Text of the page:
The fiscal cliff compromise passed by Congress wasn't perfect, but it was a step forward for the nation and for Republicans. To encourage economic growth, conservatives like me believe Washington must work toward shrinking the size of federal government by keeping taxes low and cutting wasteful spending. By making the Bush-era tax cuts permanent for 99 percent of Americans, this recent deal does more to lower taxes than Republicans have accomplished in more than a decade.
Conservative opposition to this resulted from the misunderstanding that it should have cut spending. This was a tax issue, and the spending debate comes next. By settling taxes independently, this is no longer a bargaining chip for Barack Obama and congressional Democrats to use — as they have in the past — when negotiating spending cuts.
Had Congress not acted or only temporarily extended the tax cuts as in years past, the average Oklahoman would have experienced a tax increase of between $2,000 and $3,500. Additionally, many of our farmers, ranchers and small-business owners would have been forced to close their doors or sell land to afford the substantial death tax hike that has now been averted. Making the vast majority of those tax cuts permanent strengthens the GOP negotiating position, and makes meaningful spending cuts a greater likelihood.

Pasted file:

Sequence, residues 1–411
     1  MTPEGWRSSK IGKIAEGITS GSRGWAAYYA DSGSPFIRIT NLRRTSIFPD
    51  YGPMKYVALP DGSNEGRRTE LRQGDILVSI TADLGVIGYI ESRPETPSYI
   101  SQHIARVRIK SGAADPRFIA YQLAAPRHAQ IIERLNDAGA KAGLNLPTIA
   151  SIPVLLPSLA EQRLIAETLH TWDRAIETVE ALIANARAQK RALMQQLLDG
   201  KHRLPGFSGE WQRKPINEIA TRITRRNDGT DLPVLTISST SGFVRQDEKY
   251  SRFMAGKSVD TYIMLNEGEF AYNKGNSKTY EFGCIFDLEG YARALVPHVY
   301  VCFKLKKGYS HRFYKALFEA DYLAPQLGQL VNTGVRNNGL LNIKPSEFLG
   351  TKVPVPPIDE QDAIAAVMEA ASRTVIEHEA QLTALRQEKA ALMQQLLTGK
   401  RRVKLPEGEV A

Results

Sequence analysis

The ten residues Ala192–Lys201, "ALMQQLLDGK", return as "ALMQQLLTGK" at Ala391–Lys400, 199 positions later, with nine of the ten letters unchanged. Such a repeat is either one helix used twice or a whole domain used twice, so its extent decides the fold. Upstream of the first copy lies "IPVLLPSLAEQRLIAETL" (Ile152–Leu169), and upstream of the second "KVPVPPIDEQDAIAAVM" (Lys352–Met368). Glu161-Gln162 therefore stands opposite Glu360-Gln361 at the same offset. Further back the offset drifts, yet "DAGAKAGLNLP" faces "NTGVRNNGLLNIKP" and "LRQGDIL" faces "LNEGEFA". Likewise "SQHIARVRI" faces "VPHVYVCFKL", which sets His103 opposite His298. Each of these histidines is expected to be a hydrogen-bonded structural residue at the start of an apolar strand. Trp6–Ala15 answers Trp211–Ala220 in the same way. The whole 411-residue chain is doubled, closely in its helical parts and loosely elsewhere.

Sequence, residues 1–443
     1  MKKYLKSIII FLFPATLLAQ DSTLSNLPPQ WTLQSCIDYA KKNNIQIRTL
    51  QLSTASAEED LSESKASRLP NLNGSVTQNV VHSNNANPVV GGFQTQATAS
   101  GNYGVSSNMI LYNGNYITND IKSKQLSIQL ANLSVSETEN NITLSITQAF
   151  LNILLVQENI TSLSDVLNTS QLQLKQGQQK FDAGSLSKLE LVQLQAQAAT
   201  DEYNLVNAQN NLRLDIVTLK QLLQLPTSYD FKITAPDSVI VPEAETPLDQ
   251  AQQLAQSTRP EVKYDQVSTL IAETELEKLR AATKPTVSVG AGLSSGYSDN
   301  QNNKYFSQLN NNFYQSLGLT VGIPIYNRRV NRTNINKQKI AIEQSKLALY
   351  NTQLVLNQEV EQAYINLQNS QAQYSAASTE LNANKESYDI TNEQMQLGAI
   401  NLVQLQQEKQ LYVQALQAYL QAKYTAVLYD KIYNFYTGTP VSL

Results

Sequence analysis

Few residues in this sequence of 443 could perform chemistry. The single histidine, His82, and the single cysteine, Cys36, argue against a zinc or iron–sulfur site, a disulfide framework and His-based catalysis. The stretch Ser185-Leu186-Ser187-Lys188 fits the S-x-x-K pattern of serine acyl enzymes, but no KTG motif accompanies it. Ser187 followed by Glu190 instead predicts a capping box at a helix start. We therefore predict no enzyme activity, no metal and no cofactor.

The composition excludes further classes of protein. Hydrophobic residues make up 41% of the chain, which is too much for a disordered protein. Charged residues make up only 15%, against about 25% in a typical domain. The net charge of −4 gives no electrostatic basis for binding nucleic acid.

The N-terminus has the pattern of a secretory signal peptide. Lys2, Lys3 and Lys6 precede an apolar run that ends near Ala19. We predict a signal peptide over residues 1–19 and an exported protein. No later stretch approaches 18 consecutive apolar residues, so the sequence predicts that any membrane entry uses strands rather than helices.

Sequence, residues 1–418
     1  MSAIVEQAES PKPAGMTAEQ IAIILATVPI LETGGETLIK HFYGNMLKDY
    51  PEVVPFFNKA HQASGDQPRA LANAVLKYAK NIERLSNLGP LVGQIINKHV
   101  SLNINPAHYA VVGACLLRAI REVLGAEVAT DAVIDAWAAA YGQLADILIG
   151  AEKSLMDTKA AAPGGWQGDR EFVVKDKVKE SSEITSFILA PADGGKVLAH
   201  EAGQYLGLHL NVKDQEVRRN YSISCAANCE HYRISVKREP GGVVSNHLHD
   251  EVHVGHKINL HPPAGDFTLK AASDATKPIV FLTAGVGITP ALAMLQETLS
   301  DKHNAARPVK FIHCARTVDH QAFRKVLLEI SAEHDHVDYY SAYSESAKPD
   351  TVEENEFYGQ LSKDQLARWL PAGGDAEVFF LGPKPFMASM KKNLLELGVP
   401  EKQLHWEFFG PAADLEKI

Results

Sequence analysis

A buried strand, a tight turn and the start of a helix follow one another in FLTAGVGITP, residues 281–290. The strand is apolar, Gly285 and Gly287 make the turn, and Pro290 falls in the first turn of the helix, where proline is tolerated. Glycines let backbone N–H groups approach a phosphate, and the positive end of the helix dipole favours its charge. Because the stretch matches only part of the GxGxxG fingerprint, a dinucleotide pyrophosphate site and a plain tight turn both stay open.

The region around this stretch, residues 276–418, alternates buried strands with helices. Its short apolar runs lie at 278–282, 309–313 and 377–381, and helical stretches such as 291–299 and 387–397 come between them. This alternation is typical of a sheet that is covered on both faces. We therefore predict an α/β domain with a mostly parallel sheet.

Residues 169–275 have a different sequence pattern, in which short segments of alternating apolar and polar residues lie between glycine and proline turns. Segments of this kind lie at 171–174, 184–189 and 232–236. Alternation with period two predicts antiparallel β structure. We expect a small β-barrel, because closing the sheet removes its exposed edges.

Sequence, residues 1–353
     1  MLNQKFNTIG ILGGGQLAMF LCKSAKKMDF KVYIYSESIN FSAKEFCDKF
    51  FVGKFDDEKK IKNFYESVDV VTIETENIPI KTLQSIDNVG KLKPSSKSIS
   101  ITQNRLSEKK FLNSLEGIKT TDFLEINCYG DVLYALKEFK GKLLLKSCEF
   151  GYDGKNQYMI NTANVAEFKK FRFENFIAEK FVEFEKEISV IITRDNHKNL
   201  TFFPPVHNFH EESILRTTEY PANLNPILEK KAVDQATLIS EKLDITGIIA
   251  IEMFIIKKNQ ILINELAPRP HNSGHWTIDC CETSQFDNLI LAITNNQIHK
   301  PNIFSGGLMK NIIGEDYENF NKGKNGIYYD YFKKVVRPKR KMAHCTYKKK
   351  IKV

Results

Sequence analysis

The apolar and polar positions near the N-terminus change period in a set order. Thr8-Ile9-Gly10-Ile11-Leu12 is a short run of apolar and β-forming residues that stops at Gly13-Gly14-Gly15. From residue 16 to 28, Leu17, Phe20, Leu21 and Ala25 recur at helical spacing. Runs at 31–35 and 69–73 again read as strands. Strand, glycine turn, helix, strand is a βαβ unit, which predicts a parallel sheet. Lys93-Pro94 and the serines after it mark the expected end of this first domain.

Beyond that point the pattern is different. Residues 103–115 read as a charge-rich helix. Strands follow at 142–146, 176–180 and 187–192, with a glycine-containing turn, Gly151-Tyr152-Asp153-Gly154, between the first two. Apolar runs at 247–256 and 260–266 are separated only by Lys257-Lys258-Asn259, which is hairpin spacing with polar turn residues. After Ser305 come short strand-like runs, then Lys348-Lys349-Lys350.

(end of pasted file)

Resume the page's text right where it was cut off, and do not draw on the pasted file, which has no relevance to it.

President Obama wanted an unlimited debt ceiling agreement to be included in this deal, but Republicans refused. Had Democrats been successful in keeping the debates over tax and spending policy combined, they would have had the upper hand in future negotiations. In the coming weeks, the president will be forced to ask Congress for another debt limit increase. Republicans, having accomplished permanency in current tax rates, can now leverage the debate to fight for more meaningful spending cuts.